MOVIES & BOOZE: A cheerful movie for Christmas

Esther McCarthy reviews Mary Poppins Returns and gives her top films for 2018

Mary Poppins Returns (G) ****

EMILY BLUNT and Lin-Manuel Miranda are practically perfect in this joyful new movie about the world’s most famous nanny. 

The two leads bring life and humour to this eagerly anticipated film which brings just about enough new story to justify its existence while containing plenty of nods to the 1964 classic. Blunt is no Julie Andrews, nor does she try to be, bringing her own strengths and modern sensibilities to the stellar childminder. She is excellent onscreen. 

It’s all very cheerful and lovely if a little slight, and while director Rob Marshall (Chicago) proves a safe and reliable pair of hands, we’ll need to hear the new tunes a few more times to decide if they’re set to become classics. 

What Mary Poppins Returns does well it does very well, building story and gearing itself firmly towards children and family audiences. The young cast members get plenty of screen time, and the film succeeded in holding the attention of the many children of all ages in the audience at the screening I attended. 

Not a remake of the classic (perish the thought) but a sequel of sorts, the movie is set in 1930s depession-era London. Michael (Ben Whishaw) and Jane (Mortimer) Banks are now all grown up and Michael lives with his own three kids and their housekeeper (Julie Walters) in the house on Cherry Tree Lane. 

But Michael has fallen on hard times following the tragic death of his wife, and is struggling with his own bereavement, managing the three children and staying on top of finances. It leads to the family being at very real risk of losing their precious home. By the time one of the kids flies a kite in the sky, only to spot the outline of a nanny hitching a ride on it, it’s clear Mary Poppins is needed more than ever before. 

Disney was wise not to reinvent the wheel here, but if anything, Mary Poppins Returns is overly reliant on the ideas and story threads put forward in the original film. For some, this will be part of its charm, but it feels like an opportunity missed, too. 

]Esther's Top Films of 2018

  1. I, Tonya: Craig Gillespie's film about skater Tonya Harding was a masterpiece in how to breathe life into the biopic, tearing up the rule book and delivering career-best performances from Margot Robbie and Allison Janney.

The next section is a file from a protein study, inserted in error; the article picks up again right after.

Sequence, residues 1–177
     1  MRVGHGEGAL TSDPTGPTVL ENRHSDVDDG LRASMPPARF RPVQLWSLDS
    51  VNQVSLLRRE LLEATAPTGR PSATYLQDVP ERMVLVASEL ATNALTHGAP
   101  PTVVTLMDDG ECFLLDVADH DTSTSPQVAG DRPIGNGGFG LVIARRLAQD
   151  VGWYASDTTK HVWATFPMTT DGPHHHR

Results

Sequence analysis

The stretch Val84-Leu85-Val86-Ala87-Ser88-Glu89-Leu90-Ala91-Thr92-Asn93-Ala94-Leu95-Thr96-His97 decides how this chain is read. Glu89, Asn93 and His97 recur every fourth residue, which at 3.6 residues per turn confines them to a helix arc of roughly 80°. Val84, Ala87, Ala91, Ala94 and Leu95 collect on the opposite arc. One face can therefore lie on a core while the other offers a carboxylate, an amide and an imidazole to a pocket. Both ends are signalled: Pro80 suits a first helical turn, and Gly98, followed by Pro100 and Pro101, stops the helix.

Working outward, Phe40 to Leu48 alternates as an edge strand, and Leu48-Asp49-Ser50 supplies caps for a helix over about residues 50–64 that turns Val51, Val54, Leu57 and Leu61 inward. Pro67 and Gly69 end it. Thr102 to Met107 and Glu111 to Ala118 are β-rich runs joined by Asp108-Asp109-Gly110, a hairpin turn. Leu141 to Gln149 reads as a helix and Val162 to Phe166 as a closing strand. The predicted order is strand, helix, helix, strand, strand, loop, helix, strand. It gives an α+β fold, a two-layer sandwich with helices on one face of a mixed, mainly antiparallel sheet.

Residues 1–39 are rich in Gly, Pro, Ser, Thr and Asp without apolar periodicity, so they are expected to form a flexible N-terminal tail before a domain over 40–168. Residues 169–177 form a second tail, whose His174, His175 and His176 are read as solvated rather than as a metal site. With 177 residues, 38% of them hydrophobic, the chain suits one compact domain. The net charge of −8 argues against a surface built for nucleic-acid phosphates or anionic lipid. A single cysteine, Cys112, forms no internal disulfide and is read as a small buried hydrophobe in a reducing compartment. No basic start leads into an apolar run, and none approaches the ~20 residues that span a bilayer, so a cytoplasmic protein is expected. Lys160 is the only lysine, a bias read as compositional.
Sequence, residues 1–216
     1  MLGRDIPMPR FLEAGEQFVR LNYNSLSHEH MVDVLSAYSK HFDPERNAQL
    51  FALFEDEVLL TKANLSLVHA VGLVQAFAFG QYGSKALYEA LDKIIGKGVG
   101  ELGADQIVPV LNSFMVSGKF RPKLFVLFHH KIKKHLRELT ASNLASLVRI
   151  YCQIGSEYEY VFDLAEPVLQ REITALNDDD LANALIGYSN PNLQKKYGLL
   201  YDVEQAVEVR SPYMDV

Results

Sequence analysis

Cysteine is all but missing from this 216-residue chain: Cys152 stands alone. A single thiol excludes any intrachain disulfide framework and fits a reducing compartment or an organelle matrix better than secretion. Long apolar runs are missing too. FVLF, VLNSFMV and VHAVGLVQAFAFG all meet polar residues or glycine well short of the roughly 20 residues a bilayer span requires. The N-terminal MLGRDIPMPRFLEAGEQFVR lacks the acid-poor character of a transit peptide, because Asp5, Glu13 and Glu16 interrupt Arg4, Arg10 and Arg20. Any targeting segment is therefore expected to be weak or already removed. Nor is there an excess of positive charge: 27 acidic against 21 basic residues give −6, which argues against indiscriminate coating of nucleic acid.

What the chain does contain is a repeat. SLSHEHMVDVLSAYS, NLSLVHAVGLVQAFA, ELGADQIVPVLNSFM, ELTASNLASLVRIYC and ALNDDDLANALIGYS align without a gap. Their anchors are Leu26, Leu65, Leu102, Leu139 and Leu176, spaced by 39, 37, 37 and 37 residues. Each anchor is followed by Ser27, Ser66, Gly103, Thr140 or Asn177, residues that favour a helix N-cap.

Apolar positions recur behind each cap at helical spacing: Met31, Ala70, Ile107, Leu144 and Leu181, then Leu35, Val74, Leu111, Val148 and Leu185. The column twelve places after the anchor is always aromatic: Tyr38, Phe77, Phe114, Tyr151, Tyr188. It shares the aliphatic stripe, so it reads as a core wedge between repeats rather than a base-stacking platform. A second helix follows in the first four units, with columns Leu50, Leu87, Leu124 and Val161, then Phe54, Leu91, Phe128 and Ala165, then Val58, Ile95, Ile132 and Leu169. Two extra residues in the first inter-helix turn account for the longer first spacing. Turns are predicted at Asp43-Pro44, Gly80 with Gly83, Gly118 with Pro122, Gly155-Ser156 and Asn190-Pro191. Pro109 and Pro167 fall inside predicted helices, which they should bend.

2. They Shall Not Grow Old: Peter Jackson's work in slowing down and digitally colourising footage from WW2 humanised the men who fought in the trenches and was by turns fascinating and devastating. 
  3. Roma: Alfonso Cuaron's deeply moving portrait of a family in Mexico City in 1970, inspired partly by the women who shaped his own childhood, will be a major Oscar contender in the New Year. 
  4. Leave No Trace: Director Debra Granik proved Winter's Bone was no fluke in this powerful, brilliantly acted drama about a father and daughter living on the margins. 
  5. A Star is Born: Bradley Cooper's masterful directorial debut was a smash, very moving and both epic and intimate in scale. Lady Gaga is a surefire awards-season contender.
  6. Custody: Excellent French thriller that centres about a family custody battle. If you missed it on its small Irish release this is worth seeking out. 
  7. First Man: Damien Chazelle's space epic placed us front and centre, bringing home the real risks faced in America's moon landing. 
  8. A Quiet Place: John Krasinski directed and starred, along with wife Emily Blunt, in this tense and  terrific horror that doesn't have an inch of flab. 
  9. Blackkklansman: Spike Lee's fierce, funny and stylish drama about a black man who infiltrates the Ku Klux Klan has never felt more timely and relevant. 
  10. The Post: Beautifully made film about The Washington Post's efforts to uncover a government scandal.